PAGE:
HT:  My saxophone quartet “Some of the Silence” is being performed at Bruno Walter Hall of Lincoln Center March 25th, then I have a choral premiere in Bethlehem, PA, April 22. My piano trio “Nothing Forgotten” is being performed in NYC by N/S Consonance, April 24.  A number of pieces including “Seven Poems of Stillness” are being performed in Saranac Lake April 30th, then I travel to Wales for a flute-cello-piano (Marsyas Trio) premiere, “In the Theater of Air”, May 25, as part of the Vale of Glamorgan Festival.  I’m looking forward to the CD release on Navona of my soliloquy for violoncello and orchestra, “Anecdote”, as well as my “Duo” (saxophone and viola) and “Solstice” (marimba and piano) on other compilations.  My most exciting future project is a trumpet concerto for a really great performer — but that’s still in the late planning stages.


Keep an eye out for Hilary Tann’s “Anecdote” to appear on an upcoming compilation of orchestral music on Navona Records, and in the meantime, you can purchase EXULTET TERRA on Amazon, iTunes, or ArkivMusic

The PARMA Album of the Day: ALL THE WAY BACK

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Pianist and composer Vytautas Smetona presents a collection of keyboard repertoire on his debut PARMA album ALL THE WAY BACK, released on Navona Records in April of 2015. The album highlights his enthralling and committed interpretations of some of the great composers’ masterworks as well as an example of his faculty as a cultivated and dynamic composer. In a review of Smetona’s first recital in 30 years, performed in New York back when the album was first released, New York Classical Review said: “The pianist’s playing and thinking were outstanding and utterly satisfying.”

You can find ALL THE WAY BACK on Amazon, iTunes, and ArkivMusic.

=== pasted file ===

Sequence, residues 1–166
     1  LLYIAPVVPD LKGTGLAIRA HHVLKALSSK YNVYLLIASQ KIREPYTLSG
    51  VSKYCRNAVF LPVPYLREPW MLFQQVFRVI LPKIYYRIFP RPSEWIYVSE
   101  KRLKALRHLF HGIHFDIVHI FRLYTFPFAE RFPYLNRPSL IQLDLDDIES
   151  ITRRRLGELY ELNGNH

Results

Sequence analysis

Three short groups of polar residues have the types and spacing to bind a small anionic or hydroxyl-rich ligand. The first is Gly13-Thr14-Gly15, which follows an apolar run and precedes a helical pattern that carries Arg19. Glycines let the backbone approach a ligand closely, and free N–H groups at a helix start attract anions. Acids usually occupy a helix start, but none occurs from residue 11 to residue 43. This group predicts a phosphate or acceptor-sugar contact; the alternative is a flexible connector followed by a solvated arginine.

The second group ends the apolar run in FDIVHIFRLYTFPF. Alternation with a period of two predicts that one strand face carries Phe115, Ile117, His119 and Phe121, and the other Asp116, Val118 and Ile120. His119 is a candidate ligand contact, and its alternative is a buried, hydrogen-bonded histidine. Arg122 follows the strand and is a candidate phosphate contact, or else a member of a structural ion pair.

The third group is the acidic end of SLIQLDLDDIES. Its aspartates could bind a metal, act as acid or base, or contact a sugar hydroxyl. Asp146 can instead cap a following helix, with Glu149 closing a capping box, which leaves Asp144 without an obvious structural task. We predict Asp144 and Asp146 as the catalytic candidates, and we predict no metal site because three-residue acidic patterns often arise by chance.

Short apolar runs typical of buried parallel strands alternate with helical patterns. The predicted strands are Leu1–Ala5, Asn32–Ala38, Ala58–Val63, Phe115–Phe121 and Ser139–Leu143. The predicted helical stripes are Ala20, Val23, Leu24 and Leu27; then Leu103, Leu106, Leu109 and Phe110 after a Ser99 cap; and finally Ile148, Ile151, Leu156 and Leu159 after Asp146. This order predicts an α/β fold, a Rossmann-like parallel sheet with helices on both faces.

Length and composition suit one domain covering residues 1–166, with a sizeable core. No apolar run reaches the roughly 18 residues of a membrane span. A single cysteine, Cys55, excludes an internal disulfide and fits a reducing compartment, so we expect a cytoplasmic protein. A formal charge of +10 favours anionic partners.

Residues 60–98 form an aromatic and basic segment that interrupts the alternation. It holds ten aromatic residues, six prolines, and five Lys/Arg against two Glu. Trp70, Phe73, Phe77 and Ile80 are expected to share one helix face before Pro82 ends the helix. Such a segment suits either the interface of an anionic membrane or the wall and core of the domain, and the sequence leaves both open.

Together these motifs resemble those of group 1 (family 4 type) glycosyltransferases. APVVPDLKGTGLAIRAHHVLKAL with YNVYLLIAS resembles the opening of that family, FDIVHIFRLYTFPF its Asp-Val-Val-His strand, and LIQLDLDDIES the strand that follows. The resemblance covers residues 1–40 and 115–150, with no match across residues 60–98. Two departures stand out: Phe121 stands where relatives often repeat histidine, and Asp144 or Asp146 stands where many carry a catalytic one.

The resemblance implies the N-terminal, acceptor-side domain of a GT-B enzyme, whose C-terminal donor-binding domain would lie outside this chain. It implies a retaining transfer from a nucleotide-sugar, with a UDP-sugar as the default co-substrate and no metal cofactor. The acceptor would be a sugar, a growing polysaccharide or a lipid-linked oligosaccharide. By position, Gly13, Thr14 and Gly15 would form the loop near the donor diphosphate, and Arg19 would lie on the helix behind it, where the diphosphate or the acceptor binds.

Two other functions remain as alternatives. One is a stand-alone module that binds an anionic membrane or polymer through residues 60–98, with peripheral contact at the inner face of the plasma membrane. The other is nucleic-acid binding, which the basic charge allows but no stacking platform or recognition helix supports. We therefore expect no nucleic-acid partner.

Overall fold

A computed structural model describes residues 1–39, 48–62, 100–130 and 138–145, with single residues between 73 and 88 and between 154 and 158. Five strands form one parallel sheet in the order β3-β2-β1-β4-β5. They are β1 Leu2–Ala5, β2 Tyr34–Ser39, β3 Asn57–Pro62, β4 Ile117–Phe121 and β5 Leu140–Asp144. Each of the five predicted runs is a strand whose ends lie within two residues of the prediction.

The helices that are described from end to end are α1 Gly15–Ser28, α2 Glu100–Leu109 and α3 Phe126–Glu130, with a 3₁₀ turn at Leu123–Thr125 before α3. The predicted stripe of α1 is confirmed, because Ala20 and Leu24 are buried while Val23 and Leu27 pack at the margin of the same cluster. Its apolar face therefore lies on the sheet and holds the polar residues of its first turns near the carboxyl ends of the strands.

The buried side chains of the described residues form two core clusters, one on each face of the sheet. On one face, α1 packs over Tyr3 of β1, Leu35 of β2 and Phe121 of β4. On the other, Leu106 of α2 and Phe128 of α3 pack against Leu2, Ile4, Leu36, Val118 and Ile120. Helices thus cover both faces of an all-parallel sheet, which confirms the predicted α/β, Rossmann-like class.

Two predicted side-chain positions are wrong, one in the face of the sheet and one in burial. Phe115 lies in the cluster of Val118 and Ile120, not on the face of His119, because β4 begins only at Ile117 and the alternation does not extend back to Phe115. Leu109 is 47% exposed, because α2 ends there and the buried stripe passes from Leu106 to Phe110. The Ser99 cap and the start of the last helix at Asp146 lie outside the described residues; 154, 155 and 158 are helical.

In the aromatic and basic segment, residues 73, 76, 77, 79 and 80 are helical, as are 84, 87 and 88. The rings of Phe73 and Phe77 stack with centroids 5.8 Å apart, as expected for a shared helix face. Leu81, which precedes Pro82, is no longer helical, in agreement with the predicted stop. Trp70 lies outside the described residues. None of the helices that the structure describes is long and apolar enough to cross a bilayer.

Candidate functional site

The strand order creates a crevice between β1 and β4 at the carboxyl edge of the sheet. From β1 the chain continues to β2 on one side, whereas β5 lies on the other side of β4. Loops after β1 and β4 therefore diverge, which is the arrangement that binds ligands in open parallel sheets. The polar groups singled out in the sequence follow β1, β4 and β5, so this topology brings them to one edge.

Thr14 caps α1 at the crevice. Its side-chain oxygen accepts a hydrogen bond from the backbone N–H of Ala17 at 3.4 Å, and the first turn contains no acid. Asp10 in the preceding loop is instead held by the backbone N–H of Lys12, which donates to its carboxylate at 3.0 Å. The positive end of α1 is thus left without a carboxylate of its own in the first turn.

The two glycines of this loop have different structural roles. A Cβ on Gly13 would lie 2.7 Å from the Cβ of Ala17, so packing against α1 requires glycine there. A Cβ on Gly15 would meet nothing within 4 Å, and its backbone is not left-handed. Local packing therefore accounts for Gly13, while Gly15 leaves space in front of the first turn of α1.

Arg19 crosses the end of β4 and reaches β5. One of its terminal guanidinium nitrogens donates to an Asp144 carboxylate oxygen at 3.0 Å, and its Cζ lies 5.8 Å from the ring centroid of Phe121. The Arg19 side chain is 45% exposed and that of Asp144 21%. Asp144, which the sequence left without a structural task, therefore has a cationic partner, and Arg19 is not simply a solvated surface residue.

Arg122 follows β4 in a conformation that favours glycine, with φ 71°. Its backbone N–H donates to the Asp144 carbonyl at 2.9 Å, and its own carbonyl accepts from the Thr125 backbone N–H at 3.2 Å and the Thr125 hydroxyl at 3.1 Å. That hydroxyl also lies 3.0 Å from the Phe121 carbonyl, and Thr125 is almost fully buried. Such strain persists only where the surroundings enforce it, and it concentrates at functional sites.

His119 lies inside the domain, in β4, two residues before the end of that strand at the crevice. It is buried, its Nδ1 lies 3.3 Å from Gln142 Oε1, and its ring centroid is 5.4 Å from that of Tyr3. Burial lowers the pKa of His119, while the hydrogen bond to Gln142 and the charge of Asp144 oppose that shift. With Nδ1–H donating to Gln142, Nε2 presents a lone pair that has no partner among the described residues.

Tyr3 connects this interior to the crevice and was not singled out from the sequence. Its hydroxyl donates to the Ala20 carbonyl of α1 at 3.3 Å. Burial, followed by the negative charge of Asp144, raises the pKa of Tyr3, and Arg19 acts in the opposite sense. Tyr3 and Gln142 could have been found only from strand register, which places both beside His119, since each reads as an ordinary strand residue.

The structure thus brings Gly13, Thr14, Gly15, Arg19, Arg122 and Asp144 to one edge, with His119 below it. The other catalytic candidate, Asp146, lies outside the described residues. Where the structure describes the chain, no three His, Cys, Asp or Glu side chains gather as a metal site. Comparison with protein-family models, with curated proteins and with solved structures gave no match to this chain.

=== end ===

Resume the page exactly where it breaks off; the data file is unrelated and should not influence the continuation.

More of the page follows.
The PARMA Album of the Day: CHAMBER SYMPHONIES 2, 3 & 4

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American composer Douglas Anderson presents three of his chamber symphonies on his debut release CHAMBER SYMPHONIES 2, 3 & 4 on Ravello Records. With this album, Anderson aims to envelop the listener in a varied and multifaceted musical environment, all the while exploring the genre using the necessarily limited timbral and harmonic palette of a small ensemble. Sonograma says “[The] lyricism, freshness, [and tonal color of Anderson’s compositions are] elegant, and its sensitivity invites us to intimate moments to think and reflect, protected from winds that whip our tranquility.”

In addition to CHAMBER SYMPHONIES 2, 3 & 4, Anderson is featured on SPARKS. You can purchase CHAMBER SYMPHONIES 2, 3 & 4 on Amazon and iTunes.

The Inside Story: Beth Mehocic

Beth Mehocic is a composer, poet, visual artist, filmmaker, author and currently the Composer-in-Residence, Music Director, and Full Professor in the Department of Dance at the University of Nevada, Las Vegas. Today Mehocic is our next featured artist for ‘The Inside Story,’ a blog series exploring the personalities and inner-workings of our artists. Read on and get to know one of our debut PARMA artists!